IAL is a National Reference Laboratory for BM in Brazil and is responsible for surveillance and constantly improving diagnosis of this severe disease. Based on our encouraging results, the Coordenadoria Geral de Laboratórios (Secretaria de Vigilância em Saúde/Ministério da Saúde – CGLAB/SVS/MS) decided to introduce the qPCR for BM diagnosis to all Brazilian states. Among the goals launched in 2011 by the CGLAB/SVS/MS is to increase to 59% the percentage of BM cases confirmed by specific laboratory diagnosis (culture, latex agglutination test, CIE, and qPCR) until 2015 in our country. Nowadays, this percentage is 51%. Among the essential steps for achieving this goal is the decentralization of qPCR for all State Central Laboratories (LACEN). In this context, training of professionals to work on this technique is the priority. Today, the BM diagnosis by qPCR is performed in two IAL-Regional Laboratories in São Paulo State, and in four Brazilian States. Professionals from 11 other States were recently trained by IAL in this technique and they are going to implement the diagnosis in their home state.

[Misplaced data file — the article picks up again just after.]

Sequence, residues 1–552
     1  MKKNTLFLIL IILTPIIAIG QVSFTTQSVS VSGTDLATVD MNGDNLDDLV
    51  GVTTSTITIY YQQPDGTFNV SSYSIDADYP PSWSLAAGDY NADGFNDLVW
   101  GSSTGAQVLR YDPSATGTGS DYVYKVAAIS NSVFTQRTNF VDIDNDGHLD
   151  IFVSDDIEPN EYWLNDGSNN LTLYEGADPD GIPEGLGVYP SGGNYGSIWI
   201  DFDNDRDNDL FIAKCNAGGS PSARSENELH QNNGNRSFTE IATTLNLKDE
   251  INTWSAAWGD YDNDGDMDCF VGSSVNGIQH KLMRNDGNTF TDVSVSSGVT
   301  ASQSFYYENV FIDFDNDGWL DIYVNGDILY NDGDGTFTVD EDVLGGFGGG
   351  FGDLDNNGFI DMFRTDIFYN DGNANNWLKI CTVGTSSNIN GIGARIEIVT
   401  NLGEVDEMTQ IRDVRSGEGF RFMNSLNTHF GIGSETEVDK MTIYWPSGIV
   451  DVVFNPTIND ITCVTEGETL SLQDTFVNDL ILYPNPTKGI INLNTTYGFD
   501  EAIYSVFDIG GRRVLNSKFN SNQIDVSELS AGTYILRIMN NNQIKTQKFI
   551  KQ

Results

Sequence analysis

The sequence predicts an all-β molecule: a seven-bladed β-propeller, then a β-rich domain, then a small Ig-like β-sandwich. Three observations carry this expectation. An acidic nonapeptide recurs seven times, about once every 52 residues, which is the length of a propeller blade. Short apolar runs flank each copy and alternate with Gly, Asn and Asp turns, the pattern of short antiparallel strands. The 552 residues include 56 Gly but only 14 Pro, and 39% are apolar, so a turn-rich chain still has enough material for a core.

Final considerations

BM diagnosis by qPCR in São Paulo State, Brazil, is a reality, and it has been used to elucidate undetermined BM cases, giving support to surveillance actions in São Paulo and, in some situations, to other Brazilian states. Based on fast results and high sensibility/specificity, the qPCR is a valuable tool for BM diagnosis in combination with microbiological methods.

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Correspondence: Maristela Marques Salgado, MSc; Instituto Adolfo Lutz; Av. Dr. Arnaldo 355 / 11° andar; 01246-902 Cerqueira César São Paulo SP - Brasil; E-mail: rede.pcr@gmail.com